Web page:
The Court next turned to indefiniteness of the ’895 patent. Although the district court held the term “port body” indefinite because the specification did not adequately describe or label a port body in the figures, the Federal Circuit disagreed. It looked to discussion of two embodiments in the Summary of the Invention, which described a port body that appeared (albeit unlabeled) in the figures. The Court concluded that,“[a]lthough the discussion of the port body in the ’895 patent’s specification may not be a model of clarity, the specification adequately explains that the port body is a housing that sealingly engages the outlet of the cylinder and defines the fluid discharge path.” Id. at 23.
Finally, the Court turned to ATMI’s cross-appeal, which challenged the infringement and no invalidity conclusions of the jury as to the ’115 and ’895 patents. Because a result of unenforceability bars a finding of infringement and moots any issue of invalidity, the Federal Circuit rejected ATMI’s purported cross-appeal as improper in light of the district court’s inequitable conduct holding on the two patents. The Court, however, accepted ATMI’s arguments as alternative grounds upon which it could affirm the district court and addressed the merits of those arguments. Having affirmed the unenforceability of the ’115 patent, the Court considered only the ’609 patent.
ATMI challenged the construction of “flow restrictor” and “capillary.” Specifically, it asserted that “flow restrictor” required severe flow restriction, a position the district court had rejected as to the ’115 patent as addressing a preferred embodiment. The Federal Circuit agreed that isolated statements in the Background and Summary of the Invention sections of the specification addressed preferred embodiments, not the invention as a whole. In particular, the specification used the word “typically” in conjunction with discussion of “severe” flow restriction. While rejecting ATMI’s proposal of “severe” restriction, the Court agreed that the district court failed to sufficiently require a meaningful flow restriction. Because the specification consistently emphasized flow restriction as critical to the safety features of the invention, the Court concluded that “flow restrictor” requires “a restriction of flow sufficient to prevent a hazardous situation.” Without sufficient indication in the record whether the accused device would or would not infringe under the correct construction, the Court remanded for a determination under the correct construction.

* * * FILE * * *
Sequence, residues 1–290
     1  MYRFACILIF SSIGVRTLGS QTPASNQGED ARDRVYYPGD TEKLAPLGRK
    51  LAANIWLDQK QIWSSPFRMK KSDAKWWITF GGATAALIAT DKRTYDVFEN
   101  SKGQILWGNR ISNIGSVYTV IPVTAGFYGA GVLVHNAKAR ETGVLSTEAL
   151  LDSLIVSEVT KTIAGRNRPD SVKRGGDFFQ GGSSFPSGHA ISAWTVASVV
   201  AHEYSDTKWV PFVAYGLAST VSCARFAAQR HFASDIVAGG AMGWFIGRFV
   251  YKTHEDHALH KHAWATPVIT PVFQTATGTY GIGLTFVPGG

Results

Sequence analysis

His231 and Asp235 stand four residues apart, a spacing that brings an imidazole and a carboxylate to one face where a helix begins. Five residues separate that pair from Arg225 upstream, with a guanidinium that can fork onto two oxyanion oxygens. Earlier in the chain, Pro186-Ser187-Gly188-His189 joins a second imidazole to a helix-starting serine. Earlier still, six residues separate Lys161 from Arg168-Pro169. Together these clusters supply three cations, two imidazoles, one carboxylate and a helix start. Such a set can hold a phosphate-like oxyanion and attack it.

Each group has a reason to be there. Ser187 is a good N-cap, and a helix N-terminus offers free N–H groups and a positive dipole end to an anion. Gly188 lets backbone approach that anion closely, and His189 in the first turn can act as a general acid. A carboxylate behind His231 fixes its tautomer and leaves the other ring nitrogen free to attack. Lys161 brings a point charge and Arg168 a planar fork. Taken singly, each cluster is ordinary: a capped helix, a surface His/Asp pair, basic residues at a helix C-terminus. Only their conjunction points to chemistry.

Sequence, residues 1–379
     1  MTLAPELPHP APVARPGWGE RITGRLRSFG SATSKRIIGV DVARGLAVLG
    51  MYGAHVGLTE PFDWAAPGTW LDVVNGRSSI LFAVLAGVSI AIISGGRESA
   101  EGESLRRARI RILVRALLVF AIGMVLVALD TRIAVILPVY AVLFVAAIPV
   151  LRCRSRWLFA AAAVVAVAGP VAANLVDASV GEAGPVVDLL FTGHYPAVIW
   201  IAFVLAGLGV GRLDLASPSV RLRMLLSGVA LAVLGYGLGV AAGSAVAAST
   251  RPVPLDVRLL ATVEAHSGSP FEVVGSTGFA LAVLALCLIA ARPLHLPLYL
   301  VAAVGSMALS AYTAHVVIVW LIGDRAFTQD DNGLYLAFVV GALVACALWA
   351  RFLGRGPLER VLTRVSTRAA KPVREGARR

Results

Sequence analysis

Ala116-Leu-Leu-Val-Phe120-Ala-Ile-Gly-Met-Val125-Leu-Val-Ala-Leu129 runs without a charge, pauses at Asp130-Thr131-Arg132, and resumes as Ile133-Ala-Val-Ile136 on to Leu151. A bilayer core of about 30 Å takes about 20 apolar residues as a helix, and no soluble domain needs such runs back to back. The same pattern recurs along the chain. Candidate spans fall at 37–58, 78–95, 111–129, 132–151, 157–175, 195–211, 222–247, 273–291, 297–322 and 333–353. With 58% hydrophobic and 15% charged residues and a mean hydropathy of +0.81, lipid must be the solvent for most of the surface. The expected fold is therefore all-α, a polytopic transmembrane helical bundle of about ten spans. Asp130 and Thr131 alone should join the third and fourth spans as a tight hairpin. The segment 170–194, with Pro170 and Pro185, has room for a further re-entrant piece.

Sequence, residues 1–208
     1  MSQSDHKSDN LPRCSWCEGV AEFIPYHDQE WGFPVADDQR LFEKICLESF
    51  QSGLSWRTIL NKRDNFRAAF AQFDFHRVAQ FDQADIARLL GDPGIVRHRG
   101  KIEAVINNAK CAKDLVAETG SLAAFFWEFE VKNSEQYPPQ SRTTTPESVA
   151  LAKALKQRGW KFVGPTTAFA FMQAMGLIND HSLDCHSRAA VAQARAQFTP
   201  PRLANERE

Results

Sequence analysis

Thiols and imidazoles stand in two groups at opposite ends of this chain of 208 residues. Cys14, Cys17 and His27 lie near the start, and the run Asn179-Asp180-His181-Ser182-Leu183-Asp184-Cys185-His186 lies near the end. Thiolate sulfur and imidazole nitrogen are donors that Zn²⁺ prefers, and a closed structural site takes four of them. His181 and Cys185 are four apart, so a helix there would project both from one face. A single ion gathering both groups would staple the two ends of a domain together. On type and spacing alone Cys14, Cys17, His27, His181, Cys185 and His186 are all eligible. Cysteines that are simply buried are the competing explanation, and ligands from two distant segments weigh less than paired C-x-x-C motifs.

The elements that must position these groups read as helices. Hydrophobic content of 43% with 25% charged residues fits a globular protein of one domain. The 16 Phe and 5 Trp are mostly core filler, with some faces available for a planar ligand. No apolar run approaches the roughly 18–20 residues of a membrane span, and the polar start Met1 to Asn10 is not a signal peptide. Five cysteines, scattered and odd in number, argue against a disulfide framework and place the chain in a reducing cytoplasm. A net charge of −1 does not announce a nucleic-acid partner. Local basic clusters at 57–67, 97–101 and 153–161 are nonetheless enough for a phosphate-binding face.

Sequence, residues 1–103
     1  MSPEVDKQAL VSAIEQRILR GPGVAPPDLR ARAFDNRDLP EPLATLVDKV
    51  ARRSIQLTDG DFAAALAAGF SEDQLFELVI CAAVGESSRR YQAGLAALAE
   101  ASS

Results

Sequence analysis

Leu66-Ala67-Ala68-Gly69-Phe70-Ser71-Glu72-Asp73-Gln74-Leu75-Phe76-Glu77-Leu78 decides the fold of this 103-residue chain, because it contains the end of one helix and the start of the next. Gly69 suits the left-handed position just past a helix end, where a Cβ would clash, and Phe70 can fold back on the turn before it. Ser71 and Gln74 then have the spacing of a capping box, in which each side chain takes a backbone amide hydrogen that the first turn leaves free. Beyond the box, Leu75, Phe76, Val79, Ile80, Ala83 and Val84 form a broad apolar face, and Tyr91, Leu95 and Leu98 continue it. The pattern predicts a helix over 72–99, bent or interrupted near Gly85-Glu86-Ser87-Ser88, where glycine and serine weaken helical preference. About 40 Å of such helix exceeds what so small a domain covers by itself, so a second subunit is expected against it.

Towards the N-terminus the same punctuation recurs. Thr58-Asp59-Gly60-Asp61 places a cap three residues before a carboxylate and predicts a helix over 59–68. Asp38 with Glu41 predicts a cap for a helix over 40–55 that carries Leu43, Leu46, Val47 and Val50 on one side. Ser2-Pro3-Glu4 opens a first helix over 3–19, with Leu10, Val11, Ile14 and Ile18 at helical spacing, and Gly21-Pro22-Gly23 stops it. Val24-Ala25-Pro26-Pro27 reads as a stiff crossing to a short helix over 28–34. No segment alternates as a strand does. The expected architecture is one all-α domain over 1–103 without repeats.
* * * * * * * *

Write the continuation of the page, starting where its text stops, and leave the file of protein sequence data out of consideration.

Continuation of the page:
ATMI also challenged the district court’s construction of “capillary,” which is used in the claim to limit the type of flow restrictor covered by the claim. The district court had construed “capillary” to mean “pertaining to or resembling a hair; fine and slender.” The Court rejected ATMI’s argument that the district court’s construction did not serve a purpose of the invention, stating that the patent need not claim every purpose disclosed. It also rejected ATMI’s proposed construction, which required uniformly shaped capillaries, as directed at a preferred embodiment. Although the specification contained multiple statements broadly addressing the invention as including uniformly shaped capillaries, the Federal Circuit held that other statements contradicted that understanding by referring to specific embodiments as including uniform capillaries. Finally, the Court looked to dependent claim 4, which expressly included the uniformity requirement, as supporting the district court’s exclusion of uniformity from independent claim 1. It accordingly affirmed the district court’s construction of “capillary.”
Addressing the final point raised by ATMI, the Court reviewed the district court’s denial of JMOL of invalidity based on anticipation by the Zheng patent. ATMI’s expert had testified that the sintered metal filters described in the Zheng patent were so similar to those used in the ’609 patent that if one contained capillaries, then so did the other. The Federal Circuit, reviewing the jury’s finding, concluded that the jury was not required to accept the expert’s opinion and could instead rely on the presumption of validity asserted by Praxair. The Court therefore rejected ATMI’s claim that it deserved JMOL of invalidity or a new trial on invalidity. Lastly, because the parties had reached a settlement agreement that precluded an injunction, the Court refused to address the district court’s denial of a permanent injunction.
Judge Lourie wrote separately, joining the majority in all aspects except in affirming the inequitable conduct regarding the ’115 patent. He did not believe that the district court sufficiently justified its conclusion of intent to deceive the PTO. Judge Lourie stated, “[W]hile a smoking gun may not be needed to show an intent to deceive, more is needed than materiality of a reference.” Lourie op. at 2. He found no basis for inferring deceptive intent because he viewed the record as lacking evidence that the prosecuting attorney and inventor knew of the materiality of the art, rather than merely of the art itself.
Finally, Judge Lourie agreed with the majority’s decision not to reach the issue of the district court’s denial of a permanent injunction, but reminded that patents provide a right to exclude infringing competitors, regardless of the proportion that the infringing goods bear to a patentee’s total business.